By James Montgomery
What other instrument played these days possesses more than four thousand years of beguiling musical pedigree? I suspect hardly any. The ancient Egyptians would have marvelled at how their single stringed legacy would become multi-stringed and enable a vast variety of key changes and sonority. To show us how, Francs Kelly with a spellbinding performance or the virtuoso piece for solo harp, ‘Impromptu-Caprice’ by Gabtiel Pierne. Deceptively, the harp demands great strength,co-ordination and deft feetto adjust the seven pedals, and boy, was it in evidence here.
For the rest of the programme Frances was joined by the viola player Gustav Clarkson and flautist Judith Treggor, both fine soloists in their own right. Just two of the other six concert pieces were classical, a charming Rondo byMozart, and a four movement ‘sonate’ by Handel in which the accompanying harp subsituted for the harpsichord – no coincidence there.
In the audience was the prolific composer Paul Lewis who’s written a mutitude of scores for television, film & radio. His ‘Divertimento’ was penned specifically for the flute,viola and harp. Such an ensemble has inspired many composers and the Trio conveyed beautifully the skillful range of visual images, instrumental colours and evocative threads for which he is so renowned. A spectacular flourish of ripples ends the work, the sound we so much associate with the harp.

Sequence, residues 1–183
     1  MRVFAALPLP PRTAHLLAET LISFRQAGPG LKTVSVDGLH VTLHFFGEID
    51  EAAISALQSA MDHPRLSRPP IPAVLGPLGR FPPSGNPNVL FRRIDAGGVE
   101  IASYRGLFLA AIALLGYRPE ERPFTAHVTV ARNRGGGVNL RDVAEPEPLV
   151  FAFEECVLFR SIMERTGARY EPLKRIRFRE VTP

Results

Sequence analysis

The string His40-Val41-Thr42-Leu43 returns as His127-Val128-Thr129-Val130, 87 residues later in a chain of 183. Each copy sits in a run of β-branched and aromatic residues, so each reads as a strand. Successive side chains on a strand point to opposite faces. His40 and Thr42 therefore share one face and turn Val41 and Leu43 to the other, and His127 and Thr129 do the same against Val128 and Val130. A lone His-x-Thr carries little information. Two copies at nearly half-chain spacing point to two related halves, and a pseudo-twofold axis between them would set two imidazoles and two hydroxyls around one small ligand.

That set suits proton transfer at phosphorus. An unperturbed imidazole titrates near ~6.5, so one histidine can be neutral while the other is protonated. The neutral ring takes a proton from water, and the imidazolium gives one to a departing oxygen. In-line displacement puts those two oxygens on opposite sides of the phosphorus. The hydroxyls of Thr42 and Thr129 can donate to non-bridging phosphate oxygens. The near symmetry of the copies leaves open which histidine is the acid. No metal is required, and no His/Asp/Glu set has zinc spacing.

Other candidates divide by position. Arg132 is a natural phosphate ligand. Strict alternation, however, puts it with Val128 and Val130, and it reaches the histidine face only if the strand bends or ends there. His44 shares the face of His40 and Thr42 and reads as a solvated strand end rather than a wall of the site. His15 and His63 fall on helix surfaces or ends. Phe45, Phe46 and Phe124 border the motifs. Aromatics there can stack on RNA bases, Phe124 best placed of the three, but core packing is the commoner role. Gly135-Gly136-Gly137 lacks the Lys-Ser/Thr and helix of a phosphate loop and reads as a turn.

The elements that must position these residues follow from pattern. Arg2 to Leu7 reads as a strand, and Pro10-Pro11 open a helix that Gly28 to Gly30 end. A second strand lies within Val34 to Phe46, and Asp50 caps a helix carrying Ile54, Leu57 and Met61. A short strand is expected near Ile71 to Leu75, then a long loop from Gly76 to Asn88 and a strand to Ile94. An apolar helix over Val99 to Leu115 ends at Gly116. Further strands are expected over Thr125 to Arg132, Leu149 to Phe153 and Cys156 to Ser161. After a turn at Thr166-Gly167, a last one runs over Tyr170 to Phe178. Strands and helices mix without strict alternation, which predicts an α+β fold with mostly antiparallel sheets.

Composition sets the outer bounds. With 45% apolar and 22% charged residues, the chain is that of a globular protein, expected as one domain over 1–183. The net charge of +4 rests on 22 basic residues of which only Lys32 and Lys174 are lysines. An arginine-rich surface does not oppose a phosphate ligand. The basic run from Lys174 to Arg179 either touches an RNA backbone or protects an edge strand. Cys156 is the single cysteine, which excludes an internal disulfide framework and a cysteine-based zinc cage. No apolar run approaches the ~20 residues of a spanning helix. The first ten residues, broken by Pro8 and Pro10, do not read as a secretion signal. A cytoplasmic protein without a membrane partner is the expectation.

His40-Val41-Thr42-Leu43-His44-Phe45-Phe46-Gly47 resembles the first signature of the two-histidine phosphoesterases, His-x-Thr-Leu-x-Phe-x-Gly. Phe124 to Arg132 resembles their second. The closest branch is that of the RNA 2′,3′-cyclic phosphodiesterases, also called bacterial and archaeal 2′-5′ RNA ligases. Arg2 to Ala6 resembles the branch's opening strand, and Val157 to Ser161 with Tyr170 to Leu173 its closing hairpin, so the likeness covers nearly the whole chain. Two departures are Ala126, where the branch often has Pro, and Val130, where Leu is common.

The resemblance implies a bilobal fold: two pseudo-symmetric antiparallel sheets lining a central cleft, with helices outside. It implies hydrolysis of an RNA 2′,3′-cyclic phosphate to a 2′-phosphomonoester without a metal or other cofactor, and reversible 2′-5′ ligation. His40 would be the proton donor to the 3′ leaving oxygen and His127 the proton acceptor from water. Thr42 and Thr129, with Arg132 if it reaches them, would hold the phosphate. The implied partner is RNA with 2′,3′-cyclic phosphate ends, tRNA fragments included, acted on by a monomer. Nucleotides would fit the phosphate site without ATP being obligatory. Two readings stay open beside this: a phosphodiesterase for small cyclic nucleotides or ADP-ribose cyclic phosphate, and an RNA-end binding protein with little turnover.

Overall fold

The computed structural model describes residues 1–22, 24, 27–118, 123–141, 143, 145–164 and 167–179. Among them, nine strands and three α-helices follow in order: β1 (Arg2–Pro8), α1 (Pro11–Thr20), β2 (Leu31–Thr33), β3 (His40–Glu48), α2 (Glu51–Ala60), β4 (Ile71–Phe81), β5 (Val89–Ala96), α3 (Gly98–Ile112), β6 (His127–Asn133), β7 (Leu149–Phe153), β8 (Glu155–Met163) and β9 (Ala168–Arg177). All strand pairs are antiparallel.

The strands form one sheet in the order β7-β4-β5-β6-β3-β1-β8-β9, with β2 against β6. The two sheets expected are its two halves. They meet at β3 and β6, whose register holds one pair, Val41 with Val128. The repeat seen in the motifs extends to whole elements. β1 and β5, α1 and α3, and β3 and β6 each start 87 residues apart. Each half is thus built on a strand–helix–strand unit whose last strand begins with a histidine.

Frances arranges works to suit her Trio, for instance her adaption of movements from Ravel’s orchestral work ‘the Mother Goose Suite’. From it we heard three fairytales, ‘The Sleeping Beauty ‘, ‘Tom Thumb’ and ‘TheLittle Ugly Girl,empress of Pagodas’, the latter conjuring up a flavour of the Far East.
You couldn’t hear a pin drop during this concert, a testament to just how absorbing was the Trio’s playing a majority of comparatively contemporary sounding music. Take the ‘Elegiac Trio’ by Arnold Bax written one hundred years ago. He was classed as a Romantic, but this dissonant music reflecting the world’s turmoil at the time, ending with the uncertainty of a single note played on the flute.
The Trio finisged with a tour de force, Debussy’s ‘Sonate pour Flute, Alto et Harpe’. we were led through three contrasting movements written exactly at the same time as Bax’s work. Unsurprisingly this was confused , tortured, indeterminate sound, uncertain of where to go next, conveyed consummately by these oustanding artists. Debussy’s jagged music concludes abruptly with a stabbed major chord. The audience was ecstatic . Quite right too.